“We’ll just go slow, no mad stuff,” says Billy as he invites me to join another epic ski mountaineering session. 48 hours later, within 5 minutes of starting I’m already in the red zone as my skins slip backwards on the icy groomed piste which we have to climb to get to the start of the trail! I zigzag backwards and forwards across the steep section in an attempt to get the skins to bite, all the time using way more upper body strength than normal to stop me slipping downhill. By the time I get the the top of the steep section I’m already bushed, but Billy and Alex are 30m ahead and I have a chase on barely before we’ve started! Their skins had bitten ok on the hard snow so they’d been able to go straight up. Today was obviously going to be a very good workout!
We’d left home at 4am to travel over to Arolla, with the Pigne d’Arolla our target for the day. It had snowed the day before and temperatures had plummeted, so we were looking forward to some good conditions. There was also a window in the bad weather, with another front due to come in during the day, so we were keen to be off the summit before the weather closed in. The Pigne d’Arolla is 3796m high, looming way up above the village of Arolla, which is a shade under 2000m altitude. It’s a good workout, and ideal for our preparation for the Patrouille des Glaciers as there are some steep sections, more level sections, varied snow conditions, and it’s at high altitude.
After the challenge of getting up the piste we then had the challenge of finding the route. It was dark, it had snowed, and it was a year since Billy had been up it. We found our way ok, and ploughing through the fresh snow made for tough going. I’d been forging the trail, but as dawn arrived, without my glasses on I found it really hard to see the route in the twilight, so Billy took over as the trail blazer. This was a good move for Alex and I as he is so fast, at least ploughing through fresh snow slowed him down a little! It was still tough going though, and I started to wonder if I’d be able to keep the pace up to the top.
We reached the flatter part of the glacier where the going was a little bit easier, then on up to the Vignettes hut. The snow was getting deeper and deeper, which boded very well for our return.
Up at the Vignettes hut (3160m) we stopped for a quick bite to eat and a drink. The only problem was it was so cold our bottles had started to freeze. I’d put mine inside my jacket against my body about an hour earlier hoping this would defrost it, but it hadn’t worked. It was a very cold morning! The views were amazing from the Vignettes hut, though we could see high cloud coming in from the north, and the wind picking up on the ridge above us. 5 minutes later we were on the go again, now getting into the high mountain.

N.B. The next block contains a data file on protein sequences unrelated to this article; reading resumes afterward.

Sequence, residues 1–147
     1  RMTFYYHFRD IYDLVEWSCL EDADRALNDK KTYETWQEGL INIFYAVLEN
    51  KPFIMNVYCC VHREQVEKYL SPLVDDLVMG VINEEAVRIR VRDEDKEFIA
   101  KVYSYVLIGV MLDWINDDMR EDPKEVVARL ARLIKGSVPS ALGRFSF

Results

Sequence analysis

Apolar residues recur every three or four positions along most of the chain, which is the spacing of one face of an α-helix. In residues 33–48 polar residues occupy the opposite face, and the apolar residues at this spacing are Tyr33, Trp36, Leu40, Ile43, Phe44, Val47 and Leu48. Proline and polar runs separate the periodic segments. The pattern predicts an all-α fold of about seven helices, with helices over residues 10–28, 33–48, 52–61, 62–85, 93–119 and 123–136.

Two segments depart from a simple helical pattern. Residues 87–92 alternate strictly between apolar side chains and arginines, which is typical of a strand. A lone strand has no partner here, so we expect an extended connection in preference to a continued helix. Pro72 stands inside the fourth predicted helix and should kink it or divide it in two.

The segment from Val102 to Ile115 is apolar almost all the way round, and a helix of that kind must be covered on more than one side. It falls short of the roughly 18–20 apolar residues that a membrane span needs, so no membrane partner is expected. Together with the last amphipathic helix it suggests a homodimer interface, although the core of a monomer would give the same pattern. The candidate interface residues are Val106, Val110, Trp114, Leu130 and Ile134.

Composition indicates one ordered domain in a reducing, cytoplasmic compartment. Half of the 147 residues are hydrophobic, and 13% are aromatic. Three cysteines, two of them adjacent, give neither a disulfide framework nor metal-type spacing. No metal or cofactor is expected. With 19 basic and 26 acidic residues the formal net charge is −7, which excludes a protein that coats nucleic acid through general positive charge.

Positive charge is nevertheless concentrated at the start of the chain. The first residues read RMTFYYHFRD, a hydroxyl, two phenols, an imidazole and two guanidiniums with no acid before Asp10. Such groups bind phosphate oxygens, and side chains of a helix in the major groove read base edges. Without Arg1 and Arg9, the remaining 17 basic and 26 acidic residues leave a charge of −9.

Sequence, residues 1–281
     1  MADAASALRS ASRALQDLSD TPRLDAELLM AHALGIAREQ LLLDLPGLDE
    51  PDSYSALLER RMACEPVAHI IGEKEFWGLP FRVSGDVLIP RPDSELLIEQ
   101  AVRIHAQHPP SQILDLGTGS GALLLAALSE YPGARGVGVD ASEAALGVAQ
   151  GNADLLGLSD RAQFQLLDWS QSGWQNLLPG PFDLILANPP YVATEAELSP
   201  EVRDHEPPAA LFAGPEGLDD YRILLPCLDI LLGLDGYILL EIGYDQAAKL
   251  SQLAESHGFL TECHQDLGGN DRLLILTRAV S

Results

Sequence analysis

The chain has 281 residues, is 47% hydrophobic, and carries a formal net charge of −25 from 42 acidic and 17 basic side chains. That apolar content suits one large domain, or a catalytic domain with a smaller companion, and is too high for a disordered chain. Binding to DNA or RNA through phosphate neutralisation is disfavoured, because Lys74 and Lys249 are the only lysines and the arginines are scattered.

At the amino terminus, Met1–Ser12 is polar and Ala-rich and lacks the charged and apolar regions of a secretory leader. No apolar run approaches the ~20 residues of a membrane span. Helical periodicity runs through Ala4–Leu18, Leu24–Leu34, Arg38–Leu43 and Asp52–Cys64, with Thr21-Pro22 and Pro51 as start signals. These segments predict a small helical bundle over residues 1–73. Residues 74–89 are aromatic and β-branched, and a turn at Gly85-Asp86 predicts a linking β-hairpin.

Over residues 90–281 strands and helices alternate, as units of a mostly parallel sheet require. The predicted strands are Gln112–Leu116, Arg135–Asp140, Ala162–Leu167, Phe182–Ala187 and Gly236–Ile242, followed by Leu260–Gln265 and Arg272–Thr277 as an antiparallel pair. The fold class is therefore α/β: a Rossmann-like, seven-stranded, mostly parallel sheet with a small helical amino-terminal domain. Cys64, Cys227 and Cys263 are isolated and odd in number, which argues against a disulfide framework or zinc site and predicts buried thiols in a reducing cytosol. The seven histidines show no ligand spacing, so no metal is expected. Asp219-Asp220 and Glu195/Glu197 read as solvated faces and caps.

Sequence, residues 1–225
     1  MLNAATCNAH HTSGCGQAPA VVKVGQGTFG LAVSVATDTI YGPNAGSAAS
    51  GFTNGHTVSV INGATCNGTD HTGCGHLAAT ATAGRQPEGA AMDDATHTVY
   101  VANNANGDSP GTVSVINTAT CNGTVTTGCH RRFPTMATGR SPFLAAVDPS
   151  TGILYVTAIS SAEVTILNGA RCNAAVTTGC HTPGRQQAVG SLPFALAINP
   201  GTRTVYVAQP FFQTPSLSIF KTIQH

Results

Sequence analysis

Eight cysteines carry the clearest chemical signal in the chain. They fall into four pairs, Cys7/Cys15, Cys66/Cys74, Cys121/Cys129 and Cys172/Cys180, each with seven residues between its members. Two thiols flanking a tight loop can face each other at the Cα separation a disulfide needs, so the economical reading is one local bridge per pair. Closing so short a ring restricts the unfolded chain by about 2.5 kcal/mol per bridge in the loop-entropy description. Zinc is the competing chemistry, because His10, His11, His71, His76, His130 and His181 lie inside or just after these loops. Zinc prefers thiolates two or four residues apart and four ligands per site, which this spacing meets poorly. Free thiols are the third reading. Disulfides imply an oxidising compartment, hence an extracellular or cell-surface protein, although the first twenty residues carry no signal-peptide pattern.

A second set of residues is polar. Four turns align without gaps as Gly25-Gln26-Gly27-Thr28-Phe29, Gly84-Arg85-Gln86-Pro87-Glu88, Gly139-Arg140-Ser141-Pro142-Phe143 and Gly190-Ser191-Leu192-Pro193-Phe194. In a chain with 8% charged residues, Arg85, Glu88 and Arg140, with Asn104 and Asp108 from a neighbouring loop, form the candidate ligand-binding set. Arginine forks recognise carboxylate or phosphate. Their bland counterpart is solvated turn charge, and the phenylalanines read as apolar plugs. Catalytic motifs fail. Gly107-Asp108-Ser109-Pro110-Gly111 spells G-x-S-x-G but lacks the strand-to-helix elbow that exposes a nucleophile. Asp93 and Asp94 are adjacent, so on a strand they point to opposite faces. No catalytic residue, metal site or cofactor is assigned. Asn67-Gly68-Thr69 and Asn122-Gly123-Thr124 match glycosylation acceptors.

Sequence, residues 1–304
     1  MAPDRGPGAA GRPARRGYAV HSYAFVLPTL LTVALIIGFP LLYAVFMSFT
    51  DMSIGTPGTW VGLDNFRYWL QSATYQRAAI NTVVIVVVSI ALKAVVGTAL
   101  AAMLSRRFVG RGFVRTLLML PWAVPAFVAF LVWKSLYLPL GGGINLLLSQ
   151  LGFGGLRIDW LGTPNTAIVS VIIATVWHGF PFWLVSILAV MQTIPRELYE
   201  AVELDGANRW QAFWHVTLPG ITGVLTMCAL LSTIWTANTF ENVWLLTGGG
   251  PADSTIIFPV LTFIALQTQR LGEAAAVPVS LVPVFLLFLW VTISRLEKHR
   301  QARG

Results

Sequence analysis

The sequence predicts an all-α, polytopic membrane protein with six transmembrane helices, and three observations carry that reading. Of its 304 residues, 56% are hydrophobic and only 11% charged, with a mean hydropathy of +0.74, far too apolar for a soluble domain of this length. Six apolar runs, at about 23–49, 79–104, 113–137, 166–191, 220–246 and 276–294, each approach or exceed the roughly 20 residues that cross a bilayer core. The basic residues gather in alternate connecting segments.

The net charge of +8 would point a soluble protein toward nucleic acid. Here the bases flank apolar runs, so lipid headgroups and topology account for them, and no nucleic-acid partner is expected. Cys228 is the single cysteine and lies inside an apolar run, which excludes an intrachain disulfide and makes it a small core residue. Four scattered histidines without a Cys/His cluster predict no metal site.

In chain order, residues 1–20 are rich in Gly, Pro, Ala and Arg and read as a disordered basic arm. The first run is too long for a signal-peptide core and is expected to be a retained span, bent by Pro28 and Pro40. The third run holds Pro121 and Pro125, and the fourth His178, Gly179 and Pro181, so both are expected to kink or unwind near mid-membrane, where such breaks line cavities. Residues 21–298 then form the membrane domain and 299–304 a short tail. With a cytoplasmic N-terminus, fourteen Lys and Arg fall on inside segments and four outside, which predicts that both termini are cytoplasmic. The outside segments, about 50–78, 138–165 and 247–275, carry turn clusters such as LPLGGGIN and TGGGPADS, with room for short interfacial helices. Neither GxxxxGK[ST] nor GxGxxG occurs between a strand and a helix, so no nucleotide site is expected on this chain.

The route got harder and harder as the altitude started to bite, and the wind kicked in ferociously against us. There was only one group of skiers who had overnighted at the Vignettes and then headed on up the Pigne ahead of us, but the wind had quickly covered their tracks so it was back to breaking trail again.
From 3400m I started to feel the altitude. It was the first time I’d been this high since the summer, and we were going at a fair pace too. Billy started to pull away from Alex and I, though only by a couple of hundred metres (I’m used to seeing his head torch way off in the distance, so this was progress!) and the wind bit ever harder. Our faces and lips were frozen and I started to get a headache purely from the biting cold. I had a thick hat on plus a soft-shell hood over that and still the wind was biting through. Brrr!
We caught the group who’d left the hut ahead of us just before the summit, and finally stood on what feels like the top of the world to take in the view 3 hours 6 minutes after leaving the car. It was so cold we didn’t hang around long: a quick photo, on with warm layers, fresh gloves and off with the skins so we could start what would be an epic descent.
At the top the snow was totally windblown, with some pure glacier ice showing in places. It was tricky to ski, but 250 m vertical further down we were out of the worst of the wind and into beautiful powder. The turns went on and on and on, seemingly endlessly, and it was mainly thigh burn which caused us to stop for a breather. The powder was nearly knee deep in places, and I was amazed at how well my tiny competition rando skis handled it: Movement Fish X skis are incredible, they really have no right to be as good as they are given their feather weight and tiny dimensions. I’ve been extremely impressed by these little beauties.
The powder finally gave way to junk snow on the lower slopes and before we knew it we were back on the piste and down to the bottom.
We did the round trip of 16.3 km and 1800 m vertical climbed (plus 1800 m descended) in 4 hours 11 minutes, which was good going, particularly given the conditions. The route is about 40% that of the Patrouille des Glaciers, so it gave me a good benchmark of how we’re likely to be feeling by the time we get to the halfway point at Arolla (very tired!)
We worked very well together as a team, particularly given that this was our first outing all together, so maybe we’ll enter a competition next winter. We’d be a good cordée (team of three for travelling over glaciers).
Huge thanks to Billy for yet another epic training session!